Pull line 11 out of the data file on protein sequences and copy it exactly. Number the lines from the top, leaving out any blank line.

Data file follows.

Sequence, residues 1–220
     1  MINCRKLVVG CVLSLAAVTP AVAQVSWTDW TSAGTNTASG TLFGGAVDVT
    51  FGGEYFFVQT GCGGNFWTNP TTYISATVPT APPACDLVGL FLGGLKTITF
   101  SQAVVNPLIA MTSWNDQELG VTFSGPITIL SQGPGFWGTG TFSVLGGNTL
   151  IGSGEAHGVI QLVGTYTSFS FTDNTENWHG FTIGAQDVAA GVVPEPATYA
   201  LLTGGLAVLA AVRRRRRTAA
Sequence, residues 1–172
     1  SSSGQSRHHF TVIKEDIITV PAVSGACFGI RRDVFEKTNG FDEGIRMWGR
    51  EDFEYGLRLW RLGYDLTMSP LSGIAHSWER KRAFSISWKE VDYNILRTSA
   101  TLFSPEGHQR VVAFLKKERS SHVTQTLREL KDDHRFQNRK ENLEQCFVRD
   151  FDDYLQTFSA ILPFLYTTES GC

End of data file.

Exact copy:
   151  FDDYLQTFSA ILPFLYTTES GC